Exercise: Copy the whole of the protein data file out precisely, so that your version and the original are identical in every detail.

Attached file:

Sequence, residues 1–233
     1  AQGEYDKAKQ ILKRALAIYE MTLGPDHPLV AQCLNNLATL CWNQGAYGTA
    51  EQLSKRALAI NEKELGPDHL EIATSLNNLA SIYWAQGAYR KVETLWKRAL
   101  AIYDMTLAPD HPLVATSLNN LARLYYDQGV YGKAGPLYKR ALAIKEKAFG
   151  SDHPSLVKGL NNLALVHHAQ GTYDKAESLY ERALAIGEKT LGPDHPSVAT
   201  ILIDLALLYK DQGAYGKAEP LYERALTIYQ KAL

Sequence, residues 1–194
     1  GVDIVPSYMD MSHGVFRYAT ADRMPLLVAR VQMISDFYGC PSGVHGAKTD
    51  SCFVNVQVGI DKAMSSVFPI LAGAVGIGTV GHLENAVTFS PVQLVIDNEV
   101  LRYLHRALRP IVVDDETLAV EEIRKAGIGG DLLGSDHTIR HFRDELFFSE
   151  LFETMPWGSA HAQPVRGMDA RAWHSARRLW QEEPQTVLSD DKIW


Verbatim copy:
Sequence, residues 1–233
     1  AQGEYDKAKQ ILKRALAIYE MTLGPDHPLV AQCLNNLATL CWNQGAYGTA
    51  EQLSKRALAI NEKELGPDHL EIATSLNNLA SIYWAQGAYR KVETLWKRAL
   101  AIYDMTLAPD HPLVATSLNN LARLYYDQGV YGKAGPLYKR ALAIKEKAFG
   151  SDHPSLVKGL NNLALVHHAQ GTYDKAESLY ERALAIGEKT LGPDHPSVAT
   201  ILIDLALLYK DQGAYGKAEP LYERALTIYQ KAL

Sequence, residues 1–194
     1  GVDIVPSYMD MSHGVFRYAT ADRMPLLVAR VQMISDFYGC PSGVHGAKTD
    51  SCFVNVQVGI DKAMSSVFPI LAGAVGIGTV GHLENAVTFS PVQLVIDNEV
   101  LRYLHRALRP IVVDDETLAV EEIRKAGIGG DLLGSDHTIR HFRDELFFSE
   151  LFETMPWGSA HAQPVRGMDA RAWHSARRLW QEEPQTVLSD DKIW